If you have a furry little friend that lives inside your home, you probably haven't given much thought to the connection between your pet and your home's plumbing. However, the two can affect one another—and it can be in a negative way. So, as a pet and homeowner, here are a few things that you can do to keep your pet safe and your plumbing in good condition.
1. Use Strainers During Bath Time
When it is time to give your pet a bath, make sure that you either use a strainer or stopper to ensure that your pet's hair doesn't enter the drain. While there are those rare breeds out there that do not shed, most animals shed hair—especially during bath time. And, of course, some breeds of animals will shed more than others. By opting for a stopper or strainer over the drain, you will be protecting your drain and preventing potential clogs.
2. Keep the Toilet Lid Closed
Many animals, such as dogs and cats, will be caught drinking the water out of the toilet bowl. Gross, right? Well, it's also dangerous because the toilet bowl could contain residue left behind from chemicals and cleaners used from cleaning the toilet, which are harmful for your pet to ingest.
The best way to prevent your pet from drinking out of the toilet bowl is for everyone in the household to simply get into the habit of closing the lid after each use. Keep in mind that one reason that pets drink out of the toilet bowl is because they are thirsty, so keep an eye on their water bowl on a regular basis and ensure that it is full.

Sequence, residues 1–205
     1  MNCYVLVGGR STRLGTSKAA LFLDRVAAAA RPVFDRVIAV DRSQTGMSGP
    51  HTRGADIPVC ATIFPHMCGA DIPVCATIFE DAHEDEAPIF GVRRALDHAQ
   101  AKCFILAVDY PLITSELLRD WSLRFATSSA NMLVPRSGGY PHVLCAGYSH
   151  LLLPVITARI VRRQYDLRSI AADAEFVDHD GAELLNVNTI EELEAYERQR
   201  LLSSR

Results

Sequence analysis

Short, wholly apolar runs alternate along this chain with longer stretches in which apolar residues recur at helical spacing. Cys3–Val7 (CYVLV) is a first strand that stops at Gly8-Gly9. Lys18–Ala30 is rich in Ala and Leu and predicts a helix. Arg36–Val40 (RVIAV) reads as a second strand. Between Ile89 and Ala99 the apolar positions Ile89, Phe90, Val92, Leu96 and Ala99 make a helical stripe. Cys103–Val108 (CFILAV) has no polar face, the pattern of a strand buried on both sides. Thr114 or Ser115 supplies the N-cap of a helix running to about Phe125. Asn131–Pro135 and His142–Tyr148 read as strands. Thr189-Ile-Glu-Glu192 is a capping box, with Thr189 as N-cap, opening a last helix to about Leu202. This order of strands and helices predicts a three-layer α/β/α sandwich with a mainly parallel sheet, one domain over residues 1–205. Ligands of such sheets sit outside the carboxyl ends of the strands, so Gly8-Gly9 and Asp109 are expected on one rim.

3. Don't Flush Cat Litter Down the Toilet
There are many things that do not belong down the toilet, and when you flush those things, it can cause a clog. One thing that should be flushed down the toilet is cat litter—even if it is says on the cat littler bag that it is flushable. The only two things that should go down the toilet are toilet paper and waste.
4. Keep an Eye on Your Dog Digging in the Backyard
Dogs love to dig, but your water and sewer lines are underground. Generally, these plumbing lines will be far enough underground that your dog won't get anywhere near them. However, there are instances where your water and sewer lines may not have been installed very deep—possibly 18 inches or so beneath ground. In these cases, it is possible that your dog will dig deep enough to reach the plumbing lines and potentially put a hole in one of the lines. So, just keep an eye on how deep your dog is digging to prevent a plumbing leak or you may need to call a plumbing repair service.
For more information on keeping your plumbing in shape as a pet owner, contact plumbing companies like Quality Plumbing.